In round 4, I had Black against Todd Andrews. He had played a quick draw with our newest teammate, John Bick in Round 3. For the first time this year, Todd was not content with a draw and opened 1. e4 against me for the first time since 2002 and played the Ruy Lopez for the first time ever against me. This wasn't a big surprise since he had played 1. e4 and the Spanish regularly in the USCL scoring pretty wins with it versus IMs Martinez and Kaufmann. I achieved equality out of the opening and had a chance for more after 24. Qh4?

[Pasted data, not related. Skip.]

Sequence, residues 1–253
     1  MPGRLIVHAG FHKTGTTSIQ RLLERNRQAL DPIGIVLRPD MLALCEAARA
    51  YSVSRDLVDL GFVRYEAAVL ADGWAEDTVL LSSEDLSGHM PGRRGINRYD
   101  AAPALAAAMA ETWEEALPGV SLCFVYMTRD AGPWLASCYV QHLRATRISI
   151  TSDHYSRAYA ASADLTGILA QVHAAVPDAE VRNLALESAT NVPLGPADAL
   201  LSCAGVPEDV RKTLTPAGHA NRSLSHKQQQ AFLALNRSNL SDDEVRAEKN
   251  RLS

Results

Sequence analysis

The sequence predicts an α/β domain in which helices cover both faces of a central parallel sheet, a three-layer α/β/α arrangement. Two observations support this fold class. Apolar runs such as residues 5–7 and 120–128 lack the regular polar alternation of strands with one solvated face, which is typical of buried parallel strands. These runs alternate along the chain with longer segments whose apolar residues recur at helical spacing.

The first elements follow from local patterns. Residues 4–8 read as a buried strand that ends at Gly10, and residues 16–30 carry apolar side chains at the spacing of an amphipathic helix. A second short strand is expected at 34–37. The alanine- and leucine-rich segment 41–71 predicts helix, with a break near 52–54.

24... Nxc3! Exploiting the back rank 25.Bg5 Ne2+?! The simplest win was 25... Qc6 26. f3 (26. Qg4 Ne2+ 27. Kh1 (27. Kf1 Ng3+ 28. fxg3 Qxg2+) 27... Ng3+) 26... Ne2+ 27. Kf1 Ng3+ 28. Kg1 Qc5+ 26. Kf1 Qd3 My original intention was 26...f6, but then 27. Nf7 introduces complications that should be favorable for White 27. Bxd8 Nf4+?! Again missing a fairly simple win with 27... Nc1+ 28. Kg1 Qd2 28. Kg1 Qe4 29. Nf5+ Qxf5 30. Bg5 Ne2+ 31. Kh1 h5 32. Re1 Nd4? and with 5 minutes to reach move 40, I finally threw away the win. As he pointed out after the game the spectacular 32... Qf3! is decisive 33. Rg1 (33. gxf3 Bxf3#) 33....Qxb3 with a material edge and continuing attack. I had plenty of compensation for the exchange after the text and he sacrificed it back shortly after the time control to make a perpetual check.